Faced with a severe labor shortage and grappling with heavy workloads amid a surge in online shopping, courier companies are teaming up with convenience stores to distribute parcels and relieve some of the burden on drivers.
In April, Yamato Transport Co., which runs the country’s largest door-to-door delivery service, began installing lockers at 30 Seven-Eleven convenience stores in Tokyo. Busy recipients can register online to have packages delivered to the lockers, then pick them up at their leisure.
The aim is to reduce the need for delivery workers to make repeated visits until they find the recipient at home.
Government data show that nearly 20 percent of packages were not delivered on the first attempt, a huge burden on delivery services that have seen workloads skyrocket as online retail sites such as Amazon.com gain popularity.
The number of packages Yamato handled in fiscal 2016 reached a record 1.87 billion, up 7.9 percent from the previous year. The figure has soared 59 percent over the past 10 years.
The issue came into sharp focus last year when Yamato took heat for failing to pay delivery workers for overtime hours. The company said it will hire 9,200 more workers this fiscal year and raise fees, and that it is considering doing away with same-day deliveries for clients including Amazon.
Facing a similar labor shortage, Japan Post Co. started a trial program in April incentivizing people to retrieve packages at post offices and convenience stores by handing out points usable as store credit.
The former state-run postal service said the program will run through September, but may continue past that if it helps cut down workloads.
Government data released Tuesday confirmed a labor shortage in the industry, with new job offers in transport and postal services increasing 8.3 percent in April compared to a year earlier, up for the sixth straight month.
Meanwhile, convenience stores are also looking for help from couriers in reaching more consumers.
Seven-Eleven Japan Co. said in April it is partnering with trucking firm Seino Holdings Co. to deliver lunch boxes and other products to homes, a service gaining in popularity as Japan’s population ages and becomes less willing or less able to visit stores.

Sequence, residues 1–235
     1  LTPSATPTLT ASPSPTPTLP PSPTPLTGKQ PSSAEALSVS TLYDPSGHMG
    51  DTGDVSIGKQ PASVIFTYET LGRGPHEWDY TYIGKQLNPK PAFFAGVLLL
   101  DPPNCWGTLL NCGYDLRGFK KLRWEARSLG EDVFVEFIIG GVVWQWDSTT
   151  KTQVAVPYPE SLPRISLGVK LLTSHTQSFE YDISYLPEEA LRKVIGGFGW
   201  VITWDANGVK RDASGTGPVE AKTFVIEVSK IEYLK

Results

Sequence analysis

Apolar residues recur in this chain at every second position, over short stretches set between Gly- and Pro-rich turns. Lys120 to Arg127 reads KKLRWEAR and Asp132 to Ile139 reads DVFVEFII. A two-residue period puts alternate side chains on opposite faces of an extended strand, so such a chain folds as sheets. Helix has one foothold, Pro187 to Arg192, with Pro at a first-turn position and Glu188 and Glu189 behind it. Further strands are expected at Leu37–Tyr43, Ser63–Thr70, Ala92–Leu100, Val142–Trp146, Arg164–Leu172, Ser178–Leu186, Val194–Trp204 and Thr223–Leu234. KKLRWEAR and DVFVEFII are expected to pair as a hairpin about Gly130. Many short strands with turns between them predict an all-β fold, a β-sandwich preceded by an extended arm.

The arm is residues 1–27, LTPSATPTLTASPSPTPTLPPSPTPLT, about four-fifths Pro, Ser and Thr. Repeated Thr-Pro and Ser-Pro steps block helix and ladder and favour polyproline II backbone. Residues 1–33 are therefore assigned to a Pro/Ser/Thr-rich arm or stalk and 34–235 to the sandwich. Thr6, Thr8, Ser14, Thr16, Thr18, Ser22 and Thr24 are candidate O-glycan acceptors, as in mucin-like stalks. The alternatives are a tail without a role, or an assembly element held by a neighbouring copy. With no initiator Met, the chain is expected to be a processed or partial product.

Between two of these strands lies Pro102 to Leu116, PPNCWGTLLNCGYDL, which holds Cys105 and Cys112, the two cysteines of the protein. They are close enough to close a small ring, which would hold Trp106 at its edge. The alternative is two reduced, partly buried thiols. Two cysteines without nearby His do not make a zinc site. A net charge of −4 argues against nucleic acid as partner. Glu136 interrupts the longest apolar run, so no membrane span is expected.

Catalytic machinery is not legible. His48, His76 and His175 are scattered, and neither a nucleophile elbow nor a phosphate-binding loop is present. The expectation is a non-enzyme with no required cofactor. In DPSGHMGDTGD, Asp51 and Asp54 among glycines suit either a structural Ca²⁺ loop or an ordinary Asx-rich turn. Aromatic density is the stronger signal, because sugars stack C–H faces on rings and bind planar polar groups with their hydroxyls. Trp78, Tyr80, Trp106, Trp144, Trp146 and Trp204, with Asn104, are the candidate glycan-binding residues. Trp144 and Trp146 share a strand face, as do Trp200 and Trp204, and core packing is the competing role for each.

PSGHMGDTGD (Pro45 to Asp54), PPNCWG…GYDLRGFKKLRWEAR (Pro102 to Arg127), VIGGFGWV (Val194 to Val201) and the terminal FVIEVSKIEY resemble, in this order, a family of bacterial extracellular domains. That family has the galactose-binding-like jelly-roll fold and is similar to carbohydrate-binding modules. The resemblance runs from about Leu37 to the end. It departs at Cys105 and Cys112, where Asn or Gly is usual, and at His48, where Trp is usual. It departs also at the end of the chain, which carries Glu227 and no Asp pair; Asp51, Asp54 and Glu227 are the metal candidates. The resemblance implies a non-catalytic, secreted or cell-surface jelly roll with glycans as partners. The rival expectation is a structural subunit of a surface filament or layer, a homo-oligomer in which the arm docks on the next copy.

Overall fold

Rival convenience store chain Lawson Inc. has worked with SG Holdings Co., parent of parcel delivery firm Sagawa Express Co., since 2015 to deliver products such as ready-to-eat dishes.
“We’re entering an age where companies won’t be able to survive without partners in other industries,” said Hisashi Yamada, chief economist at the Japan Research Institute. “With the current labor shortage, this trend will only gain momentum.”
However, some worry that such collaborations between delivery service providers and convenience stores could lead to problems of their own.
Being a convenience store clerk used to mostly entail ringing up purchases and managing inventory, but the job has become more demanding as chains now handle various services including serving food products that are cooked in-store, issuing tickets for concerts and sporting events, and processing utilities payments. Adding parcel pick-ups to the list would increase the workload.
“(Our staff) may not be able to handle it,” said an official at a major convenience store chain.
Couriers say they are not worried about deliveries of convenience store products becoming an extra burden on workers because they are hiring additional staff. But hiring could become more difficult as demand increases and more competitors enter the fray by joining up with convenience stores.
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